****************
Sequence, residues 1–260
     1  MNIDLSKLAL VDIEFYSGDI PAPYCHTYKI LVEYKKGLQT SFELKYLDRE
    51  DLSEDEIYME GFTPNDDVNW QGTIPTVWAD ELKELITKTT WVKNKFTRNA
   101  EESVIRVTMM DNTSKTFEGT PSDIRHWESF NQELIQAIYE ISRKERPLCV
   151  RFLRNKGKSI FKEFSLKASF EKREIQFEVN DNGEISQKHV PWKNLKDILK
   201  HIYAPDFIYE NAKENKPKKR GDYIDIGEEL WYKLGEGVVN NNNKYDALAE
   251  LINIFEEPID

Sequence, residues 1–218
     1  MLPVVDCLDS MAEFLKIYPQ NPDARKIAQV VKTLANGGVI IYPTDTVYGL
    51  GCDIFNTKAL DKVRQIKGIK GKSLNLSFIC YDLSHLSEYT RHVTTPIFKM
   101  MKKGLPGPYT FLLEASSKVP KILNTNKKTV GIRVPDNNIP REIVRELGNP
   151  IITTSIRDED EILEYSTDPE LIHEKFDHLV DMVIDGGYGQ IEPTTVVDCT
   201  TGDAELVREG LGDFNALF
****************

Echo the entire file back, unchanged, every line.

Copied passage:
Sequence, residues 1–260
     1  MNIDLSKLAL VDIEFYSGDI PAPYCHTYKI LVEYKKGLQT SFELKYLDRE
    51  DLSEDEIYME GFTPNDDVNW QGTIPTVWAD ELKELITKTT WVKNKFTRNA
   101  EESVIRVTMM DNTSKTFEGT PSDIRHWESF NQELIQAIYE ISRKERPLCV
   151  RFLRNKGKSI FKEFSLKASF EKREIQFEVN DNGEISQKHV PWKNLKDILK
   201  HIYAPDFIYE NAKENKPKKR GDYIDIGEEL WYKLGEGVVN NNNKYDALAE
   251  LINIFEEPID

Sequence, residues 1–218
     1  MLPVVDCLDS MAEFLKIYPQ NPDARKIAQV VKTLANGGVI IYPTDTVYGL
    51  GCDIFNTKAL DKVRQIKGIK GKSLNLSFIC YDLSHLSEYT RHVTTPIFKM
   101  MKKGLPGPYT FLLEASSKVP KILNTNKKTV GIRVPDNNIP REIVRELGNP
   151  IITTSIRDED EILEYSTDPE LIHEKFDHLV DMVIDGGYGQ IEPTTVVDCT
   201  TGDAELVREG LGDFNALF